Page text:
2012 New Orleans Rising Star Restaurateurs Aaron Burgau, Leon Touzet, and Pierre Touzet of Patois and Trūburger

2012 New Orleans Rising Star Restaurateurs Aaron Burgau, Leon Touzet, and Pierre Touzet of Patois and Trūburger
April 2012

Biography

Skimming through Chef Aaron Burgau's résumé is like reading a Who's Who of New Orleans. The NOLA native has worked with James Beard Award-winning Chef Susan Spicer (of Bayona and Mondo) and Gerard Maras (of Gerard's Downtown). But when he met up with future partners Leon and Pierre Touzet, the trio began carving out their own spot on the city's Who's Who list.

Not that the restaurateurs were ever strangers to the New Orleans dining scene. In 2006, Burgau took on executive chef duties at Bank Café. That same year, he was named a Louisiana Cookin' "Top 5 Chefs to Watch." A James Beard semifinalist three years running (since 2009), Burgau partnered with longtime friends and entrepreneurs Leon and Pierre Touzet to open Patois, where fresh, locally sourced ingredients get classic French treatment with a healthy savor of patois, or local accent. Burgau also has won Food & Wine's "The People's Choice, Best New Chef," and under his leadership Patois earned four beans from the Times-Picayune.

The Touzets are not only New Orleans natives, but they also have a genetic claim to the restaurant industry: their grandfather, Leon J. Touzet, moved from the Pau Region of France to New Orleans, where he worked in some of the city's most beloved restaurants. Wishing to fulfill their lifelong dream and live up the family legacy, the Touzets partnered with Burgau to open Patois and later Trūburger, where Angus, brisket, rib, and chuck come together to make carnivorous magic for burger-craving New Orleanians.

The restaurateur trio divides responsibilities according to their strengths. Burgau oversees the kitchens of both Patois and Trūburger, while Leon, the wizened and efficient businessman, ensures a smooth back-of-house operation. Pierre, meanwhile, uses his natural charm and social flare to keep guests happy in the front of the house. Which is why it's no surprise that both Patois and Trūburger are well known and beloved local institutions (a number of the restaurant shots on the first season of HBO's "Tremé" were filmed at Patois)—putting the trio at the top of the list of New Orleans' local culinary heroes.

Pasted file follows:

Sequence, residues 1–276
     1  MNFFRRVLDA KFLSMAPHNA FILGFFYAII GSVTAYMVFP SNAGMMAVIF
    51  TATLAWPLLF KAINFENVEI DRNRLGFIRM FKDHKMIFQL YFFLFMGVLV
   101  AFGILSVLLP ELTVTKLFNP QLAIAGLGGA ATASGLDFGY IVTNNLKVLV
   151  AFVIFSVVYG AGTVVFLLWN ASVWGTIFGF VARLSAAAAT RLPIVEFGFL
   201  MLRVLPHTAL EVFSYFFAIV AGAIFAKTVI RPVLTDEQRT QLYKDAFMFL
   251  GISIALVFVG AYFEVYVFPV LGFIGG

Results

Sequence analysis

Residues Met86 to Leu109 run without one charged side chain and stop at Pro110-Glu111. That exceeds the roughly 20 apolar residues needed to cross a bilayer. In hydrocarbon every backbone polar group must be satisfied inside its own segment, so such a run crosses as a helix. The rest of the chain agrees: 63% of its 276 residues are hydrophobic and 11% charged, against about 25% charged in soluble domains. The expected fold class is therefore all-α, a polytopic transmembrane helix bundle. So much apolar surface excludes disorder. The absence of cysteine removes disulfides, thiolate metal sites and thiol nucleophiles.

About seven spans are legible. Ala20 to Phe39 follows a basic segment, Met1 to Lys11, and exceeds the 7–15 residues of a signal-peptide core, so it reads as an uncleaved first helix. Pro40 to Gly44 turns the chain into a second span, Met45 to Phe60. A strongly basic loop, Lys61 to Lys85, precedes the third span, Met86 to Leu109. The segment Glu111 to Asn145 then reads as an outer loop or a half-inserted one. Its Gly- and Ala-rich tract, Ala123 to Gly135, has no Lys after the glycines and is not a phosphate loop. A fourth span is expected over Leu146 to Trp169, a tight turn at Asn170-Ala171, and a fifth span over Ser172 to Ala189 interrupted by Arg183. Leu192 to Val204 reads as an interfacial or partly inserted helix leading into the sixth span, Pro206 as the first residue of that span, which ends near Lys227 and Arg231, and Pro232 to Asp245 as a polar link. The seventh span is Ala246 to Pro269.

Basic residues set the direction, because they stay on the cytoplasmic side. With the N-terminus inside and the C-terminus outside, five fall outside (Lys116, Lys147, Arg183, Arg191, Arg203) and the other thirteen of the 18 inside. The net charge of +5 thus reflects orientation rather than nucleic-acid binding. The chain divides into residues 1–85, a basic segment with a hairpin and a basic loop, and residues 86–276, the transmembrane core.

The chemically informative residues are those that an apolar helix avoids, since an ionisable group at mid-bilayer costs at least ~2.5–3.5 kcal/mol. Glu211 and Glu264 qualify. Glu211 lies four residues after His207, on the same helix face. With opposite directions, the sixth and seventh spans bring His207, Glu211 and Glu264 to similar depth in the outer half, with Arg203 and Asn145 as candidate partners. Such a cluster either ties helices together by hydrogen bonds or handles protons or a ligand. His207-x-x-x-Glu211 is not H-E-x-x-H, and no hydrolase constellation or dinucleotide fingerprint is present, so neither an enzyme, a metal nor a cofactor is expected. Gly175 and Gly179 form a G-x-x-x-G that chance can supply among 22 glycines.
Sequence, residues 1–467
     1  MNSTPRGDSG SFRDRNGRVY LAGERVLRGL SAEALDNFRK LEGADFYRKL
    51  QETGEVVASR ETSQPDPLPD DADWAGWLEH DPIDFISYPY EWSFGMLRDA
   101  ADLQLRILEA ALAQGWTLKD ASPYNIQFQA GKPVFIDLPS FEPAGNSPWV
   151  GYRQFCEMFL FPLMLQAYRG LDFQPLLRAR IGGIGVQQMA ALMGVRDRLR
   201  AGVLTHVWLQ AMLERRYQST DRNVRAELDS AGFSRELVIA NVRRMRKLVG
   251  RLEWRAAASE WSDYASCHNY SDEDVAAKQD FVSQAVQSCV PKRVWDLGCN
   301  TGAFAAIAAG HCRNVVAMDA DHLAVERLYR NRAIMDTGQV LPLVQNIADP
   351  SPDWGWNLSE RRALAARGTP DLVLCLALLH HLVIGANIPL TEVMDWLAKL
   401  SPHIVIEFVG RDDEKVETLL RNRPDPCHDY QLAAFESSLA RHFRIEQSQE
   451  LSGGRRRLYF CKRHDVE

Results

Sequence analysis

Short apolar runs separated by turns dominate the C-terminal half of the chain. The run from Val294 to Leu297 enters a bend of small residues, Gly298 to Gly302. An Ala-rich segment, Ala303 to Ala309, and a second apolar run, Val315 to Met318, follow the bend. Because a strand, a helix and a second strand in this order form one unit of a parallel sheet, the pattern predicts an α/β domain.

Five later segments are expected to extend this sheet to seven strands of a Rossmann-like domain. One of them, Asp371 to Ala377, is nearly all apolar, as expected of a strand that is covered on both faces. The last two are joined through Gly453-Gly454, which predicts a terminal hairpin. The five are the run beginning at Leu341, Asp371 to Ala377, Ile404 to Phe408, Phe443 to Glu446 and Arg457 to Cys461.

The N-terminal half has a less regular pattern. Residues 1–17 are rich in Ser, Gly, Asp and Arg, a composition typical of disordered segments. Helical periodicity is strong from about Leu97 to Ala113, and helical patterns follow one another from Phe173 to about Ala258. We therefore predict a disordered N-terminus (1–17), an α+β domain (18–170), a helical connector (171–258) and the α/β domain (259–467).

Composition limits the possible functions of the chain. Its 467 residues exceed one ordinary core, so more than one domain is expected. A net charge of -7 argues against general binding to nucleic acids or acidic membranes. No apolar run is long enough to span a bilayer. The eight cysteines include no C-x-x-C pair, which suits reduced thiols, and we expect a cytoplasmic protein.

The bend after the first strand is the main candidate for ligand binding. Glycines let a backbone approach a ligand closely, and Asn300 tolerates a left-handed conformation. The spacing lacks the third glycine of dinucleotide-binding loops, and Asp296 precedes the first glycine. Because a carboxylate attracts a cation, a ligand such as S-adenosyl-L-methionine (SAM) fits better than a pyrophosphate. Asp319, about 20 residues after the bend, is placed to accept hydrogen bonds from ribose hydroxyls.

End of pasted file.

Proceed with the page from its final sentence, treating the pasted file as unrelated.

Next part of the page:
Interview



Interview with Aaron Burgau of Patois – New Orleans, LA

Katherine Sacks: What was your first restaurant? How did you get the money?

Aaron Burgau: Patois is my first restaurant. My partner and I have known each other for a long time. He knew I was looking for a restaurant, and he was looking for a restaurant. When we found the place, we didn't have a concept in mind, but I have a classical French background. We came up with the name Patois, based on the language [Leon and Pierre Touzet's] French grandfather spoke. We wanted to have a French feel, but also keep it pretty eclectic. Patois is a dialect, it lends us to do a lot of different things. My nationality if Filipino, Italian, and French, so I pull from a lot of different areas.

KS: Who are your mentors?

AB: Gerard Maras and Susan Spicer. Working with Susan was my first job out of culinary school. She taught me how to have an eye for detail and to think like a cook, instead of just going through the motions. And Gerard helped me form my philosophy of cooking. He taught me a lot of the classical sauces and bases for cooking, techniques you don't learn in culinary school.

KS: Tell me about your growth at Patois?

AB: When you look back five years later, you see how you evolve your techniques and how your philosophy of cooking changes. Seeing the trends change over the past five years, we're thinking more about how to create a more sustainable restaurant.